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The affective dimension of early-onset psychosis and its relationship with suicide.
J Child Psychol Psychiatry. 2015 Jul; 56(7):747-755.JC

Abstract

BACKGROUND

The affective dimension has scarcely been studied in early-onset psychosis. Our aims were to investigate the prevalence and type of affective symptoms in the prodromal and acute phases of early-onset psychosis and to examine their relationship with suicide. We also sought to establish whether the presence of premorbid antecedents or the presence of affective symptoms during the prodromal and acute phase might predict a later diagnosis of bipolar disorder (BP) or schizophrenia (SZ).

METHOD

Participants were 95 youths, aged 9-17 years, experiencing a first episode of a psychotic disorder (FEP) according to DSM-IV criteria. Prodromal affective symptoms in the year prior to the onset of full-blown psychosis were assessed by means of the K-SADS. Affective symptoms during the acute episode were evaluated using the Hamilton Depression Rating Scale and the Young Mania Rating Scale. Suicidality was assessed during the acute episode and at 6 and 12 months.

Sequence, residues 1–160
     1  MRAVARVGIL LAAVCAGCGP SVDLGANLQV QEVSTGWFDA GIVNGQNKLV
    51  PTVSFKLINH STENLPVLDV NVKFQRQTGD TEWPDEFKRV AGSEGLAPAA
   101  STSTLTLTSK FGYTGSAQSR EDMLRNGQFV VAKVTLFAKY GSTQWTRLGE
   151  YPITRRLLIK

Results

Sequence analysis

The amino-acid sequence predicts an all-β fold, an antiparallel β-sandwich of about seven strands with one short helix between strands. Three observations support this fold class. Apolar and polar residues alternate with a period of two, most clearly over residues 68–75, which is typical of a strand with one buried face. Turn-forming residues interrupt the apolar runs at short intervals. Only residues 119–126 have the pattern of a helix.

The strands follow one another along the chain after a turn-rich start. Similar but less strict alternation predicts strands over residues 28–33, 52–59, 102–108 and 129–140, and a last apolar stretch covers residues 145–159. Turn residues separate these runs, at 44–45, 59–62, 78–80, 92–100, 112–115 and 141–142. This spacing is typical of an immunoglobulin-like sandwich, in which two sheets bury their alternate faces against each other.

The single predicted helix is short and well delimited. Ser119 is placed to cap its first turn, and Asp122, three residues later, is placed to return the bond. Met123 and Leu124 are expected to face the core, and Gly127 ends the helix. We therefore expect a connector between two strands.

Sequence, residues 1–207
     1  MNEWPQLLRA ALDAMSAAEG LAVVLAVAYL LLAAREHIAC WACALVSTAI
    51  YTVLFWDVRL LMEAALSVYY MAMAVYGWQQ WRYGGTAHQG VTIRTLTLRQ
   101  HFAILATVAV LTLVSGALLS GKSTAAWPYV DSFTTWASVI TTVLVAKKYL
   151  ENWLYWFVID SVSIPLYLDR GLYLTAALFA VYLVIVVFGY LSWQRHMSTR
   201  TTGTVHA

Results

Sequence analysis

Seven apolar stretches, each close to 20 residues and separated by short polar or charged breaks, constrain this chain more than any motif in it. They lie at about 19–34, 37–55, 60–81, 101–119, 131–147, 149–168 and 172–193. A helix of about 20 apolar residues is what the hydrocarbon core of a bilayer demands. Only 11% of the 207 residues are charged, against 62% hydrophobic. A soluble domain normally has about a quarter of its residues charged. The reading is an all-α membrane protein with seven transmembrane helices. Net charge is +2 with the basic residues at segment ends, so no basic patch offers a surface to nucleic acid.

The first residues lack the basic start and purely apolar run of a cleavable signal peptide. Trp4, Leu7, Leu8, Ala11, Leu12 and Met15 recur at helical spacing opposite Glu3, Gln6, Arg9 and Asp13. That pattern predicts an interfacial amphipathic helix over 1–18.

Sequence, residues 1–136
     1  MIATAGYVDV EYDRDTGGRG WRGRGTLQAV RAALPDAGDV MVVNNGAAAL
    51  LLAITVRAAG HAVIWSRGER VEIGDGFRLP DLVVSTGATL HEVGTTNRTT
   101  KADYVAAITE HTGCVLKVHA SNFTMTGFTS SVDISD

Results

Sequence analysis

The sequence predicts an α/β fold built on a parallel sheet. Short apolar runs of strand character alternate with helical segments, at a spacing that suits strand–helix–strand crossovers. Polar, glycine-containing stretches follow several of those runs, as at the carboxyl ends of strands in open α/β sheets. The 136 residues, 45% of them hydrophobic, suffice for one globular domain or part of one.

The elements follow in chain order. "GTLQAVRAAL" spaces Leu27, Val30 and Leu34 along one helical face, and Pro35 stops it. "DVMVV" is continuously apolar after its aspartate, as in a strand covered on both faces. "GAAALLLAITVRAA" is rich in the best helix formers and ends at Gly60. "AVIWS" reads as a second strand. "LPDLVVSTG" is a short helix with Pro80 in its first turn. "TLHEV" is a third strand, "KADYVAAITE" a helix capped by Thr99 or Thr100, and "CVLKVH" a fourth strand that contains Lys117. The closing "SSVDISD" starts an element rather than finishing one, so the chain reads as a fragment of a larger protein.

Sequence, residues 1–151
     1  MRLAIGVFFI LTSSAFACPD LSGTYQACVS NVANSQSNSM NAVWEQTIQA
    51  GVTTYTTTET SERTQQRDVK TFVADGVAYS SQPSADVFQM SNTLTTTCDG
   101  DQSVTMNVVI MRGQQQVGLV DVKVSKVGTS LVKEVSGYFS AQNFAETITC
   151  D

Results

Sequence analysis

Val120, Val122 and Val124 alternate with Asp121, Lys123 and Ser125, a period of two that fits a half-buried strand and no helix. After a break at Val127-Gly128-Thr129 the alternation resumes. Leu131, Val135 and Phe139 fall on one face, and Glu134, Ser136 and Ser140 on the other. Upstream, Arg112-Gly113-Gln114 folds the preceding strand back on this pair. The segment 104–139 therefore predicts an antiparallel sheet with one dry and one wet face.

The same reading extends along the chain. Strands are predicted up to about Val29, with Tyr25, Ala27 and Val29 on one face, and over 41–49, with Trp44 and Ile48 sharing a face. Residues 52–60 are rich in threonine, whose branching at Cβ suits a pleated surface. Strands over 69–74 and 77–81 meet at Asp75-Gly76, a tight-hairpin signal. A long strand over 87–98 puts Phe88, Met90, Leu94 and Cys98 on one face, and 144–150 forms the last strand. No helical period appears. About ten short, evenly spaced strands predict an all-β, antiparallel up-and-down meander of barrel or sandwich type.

RESULTS

Half of the patients experienced affective symptoms during the prodrome, with depressive symptoms being the most frequently reported. During the acute episode, 23.2% presented depressive, 41.4% mixed and 18.9% manic symptoms. After logistic regression analysis, only the presence of depressive symptoms was significantly associated with suicidality during the 12 months following the FEP. Neither early premorbid antecedents nor the prevalence or type of affective symptoms during the FEP predicted a diagnosis of BP or SZ at 12 months. However, both depressive and manic prodromal symptoms were associated with a later diagnosis of BP.

CONCLUSIONS

The FEP of both SZ and BP is preceded by an identifiable prodromal phase. Early detection programs should target young people at clinical risk for the extended psychosis phenotype. The high prevalence of affective symptoms during the early phases of psychosis may encourage clinicians to identify and treat them in order to prevent suicide behaviour.

Authors+Show Affiliations